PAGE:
Chapman was also successful at Indianapolis with the Lotus 29 almost winning the 500 at its first attempt in 1963 with Clark at the wheel. The race marked the beginning of the end for the old front-engined Indianapolis roadsters. Clark was leading when he retired from the 1964 event with suspension failure, but in 1965 he won the biggest prize in US racing driving his Lotus 38; The first ever mid-engined car to win the Indianapolis 500.
Many of Chapman's successes came from innovation. The Lotus 25 was the first monocoque chassis in F1, the 49 was the first car of note to use the engine as a stressed member, the Lotus 56 Indycar was powered by a gas turbine engine and was fitted with four wheel drive, the Lotus 63 was the first F1 car to use four wheel drive, and the 72 broke new ground in aerodynamics. Chapman was also an innovator as a team boss, and it was Team Lotus which first introduced major commercial sponsorship to F1 at Monaco in 1968 appearing in the Red, Gold and White colors of Imperial Tobacco's Gold Leaf brand.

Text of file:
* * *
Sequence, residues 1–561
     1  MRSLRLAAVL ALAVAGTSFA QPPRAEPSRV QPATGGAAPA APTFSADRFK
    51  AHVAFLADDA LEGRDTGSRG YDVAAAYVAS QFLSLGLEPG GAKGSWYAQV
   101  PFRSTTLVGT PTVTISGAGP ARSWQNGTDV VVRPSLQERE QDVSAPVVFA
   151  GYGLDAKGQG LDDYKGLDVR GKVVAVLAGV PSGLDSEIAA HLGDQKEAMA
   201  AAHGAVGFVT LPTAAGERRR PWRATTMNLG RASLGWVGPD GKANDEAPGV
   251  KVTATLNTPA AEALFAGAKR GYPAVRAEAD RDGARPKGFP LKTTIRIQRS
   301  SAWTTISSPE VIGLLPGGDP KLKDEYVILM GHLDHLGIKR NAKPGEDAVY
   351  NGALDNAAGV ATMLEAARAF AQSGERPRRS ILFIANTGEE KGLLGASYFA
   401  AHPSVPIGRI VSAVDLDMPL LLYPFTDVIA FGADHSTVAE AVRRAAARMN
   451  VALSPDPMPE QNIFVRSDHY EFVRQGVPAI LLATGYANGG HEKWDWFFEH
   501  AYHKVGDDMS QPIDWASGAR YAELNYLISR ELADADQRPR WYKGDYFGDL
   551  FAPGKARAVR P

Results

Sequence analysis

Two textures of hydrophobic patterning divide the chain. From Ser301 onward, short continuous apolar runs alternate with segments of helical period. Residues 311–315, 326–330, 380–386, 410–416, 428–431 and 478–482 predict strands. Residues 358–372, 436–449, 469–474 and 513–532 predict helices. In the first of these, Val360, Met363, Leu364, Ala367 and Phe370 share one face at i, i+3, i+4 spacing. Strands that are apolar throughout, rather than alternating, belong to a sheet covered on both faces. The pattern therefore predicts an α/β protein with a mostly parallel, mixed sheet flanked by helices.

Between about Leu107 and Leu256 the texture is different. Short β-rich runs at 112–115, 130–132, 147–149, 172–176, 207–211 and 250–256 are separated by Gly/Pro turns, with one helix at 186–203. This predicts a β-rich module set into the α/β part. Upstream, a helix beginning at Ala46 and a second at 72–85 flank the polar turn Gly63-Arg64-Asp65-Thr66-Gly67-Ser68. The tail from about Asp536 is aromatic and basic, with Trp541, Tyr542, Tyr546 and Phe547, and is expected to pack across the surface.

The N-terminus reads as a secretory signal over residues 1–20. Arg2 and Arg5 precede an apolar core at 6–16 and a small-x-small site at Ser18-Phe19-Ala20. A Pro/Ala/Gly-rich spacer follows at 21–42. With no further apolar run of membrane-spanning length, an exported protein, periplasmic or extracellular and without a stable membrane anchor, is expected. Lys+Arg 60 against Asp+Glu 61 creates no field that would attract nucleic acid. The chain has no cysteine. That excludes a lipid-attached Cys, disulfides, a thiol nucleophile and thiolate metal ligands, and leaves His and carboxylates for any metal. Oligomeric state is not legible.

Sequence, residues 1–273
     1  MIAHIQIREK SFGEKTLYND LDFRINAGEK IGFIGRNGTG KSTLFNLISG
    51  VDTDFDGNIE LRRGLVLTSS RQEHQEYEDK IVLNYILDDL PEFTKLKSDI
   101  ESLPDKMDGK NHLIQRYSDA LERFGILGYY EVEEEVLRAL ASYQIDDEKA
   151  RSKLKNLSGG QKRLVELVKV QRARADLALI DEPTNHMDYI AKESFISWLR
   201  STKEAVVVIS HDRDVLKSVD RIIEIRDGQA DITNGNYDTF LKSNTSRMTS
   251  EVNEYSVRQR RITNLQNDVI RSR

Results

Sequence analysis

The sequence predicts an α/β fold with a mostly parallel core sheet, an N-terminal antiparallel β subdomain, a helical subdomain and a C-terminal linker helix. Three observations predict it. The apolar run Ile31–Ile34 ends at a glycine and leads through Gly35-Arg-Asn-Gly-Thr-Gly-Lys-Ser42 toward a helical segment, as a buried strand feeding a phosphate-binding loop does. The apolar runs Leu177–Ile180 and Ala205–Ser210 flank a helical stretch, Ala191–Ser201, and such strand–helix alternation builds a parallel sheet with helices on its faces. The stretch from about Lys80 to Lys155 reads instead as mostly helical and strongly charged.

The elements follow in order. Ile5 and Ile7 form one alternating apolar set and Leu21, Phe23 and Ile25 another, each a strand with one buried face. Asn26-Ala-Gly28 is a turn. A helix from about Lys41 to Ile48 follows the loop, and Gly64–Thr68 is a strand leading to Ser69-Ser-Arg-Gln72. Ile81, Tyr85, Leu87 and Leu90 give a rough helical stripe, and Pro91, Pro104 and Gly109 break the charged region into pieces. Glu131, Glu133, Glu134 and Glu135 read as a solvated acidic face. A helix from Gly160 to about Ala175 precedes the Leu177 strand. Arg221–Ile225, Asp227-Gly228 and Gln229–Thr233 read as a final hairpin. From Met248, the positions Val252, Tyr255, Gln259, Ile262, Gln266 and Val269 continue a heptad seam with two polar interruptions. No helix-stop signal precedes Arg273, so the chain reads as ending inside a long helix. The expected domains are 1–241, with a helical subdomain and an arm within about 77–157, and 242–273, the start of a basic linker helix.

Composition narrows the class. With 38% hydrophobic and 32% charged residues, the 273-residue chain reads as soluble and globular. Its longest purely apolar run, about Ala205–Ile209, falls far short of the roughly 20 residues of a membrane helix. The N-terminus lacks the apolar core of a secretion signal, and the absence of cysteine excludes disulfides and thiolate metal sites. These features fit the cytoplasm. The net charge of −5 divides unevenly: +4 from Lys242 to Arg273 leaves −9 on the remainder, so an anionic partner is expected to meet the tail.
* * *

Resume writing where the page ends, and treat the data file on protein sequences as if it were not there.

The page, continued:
Team Lotus was first to achieve 50 Grand Prix victories. (Ferrari was the second team to do so, having won their first Formula 1 race in 1951, seven years before the first ever Lotus F1 car.)
In the mid-1970s Lotus engineers began to investigate aerodynamic ground effects. The Lotus 78, and then the Lotus 79 of 1978 were extraordinarily successful with Mario Andretti winning the F1 World Championship. Lotus attempted to take ground effects further with the Lotus 88 Lotus was the first team to introduce carbon fibre to F1, when it introduced its all carbon fibre Lotus 91 in 1982. Chapman was beginning work on an active suspension development program when he died of a heart attack in December 1982 at the age of only 54.
1980s - Moderate Success
1990s - The End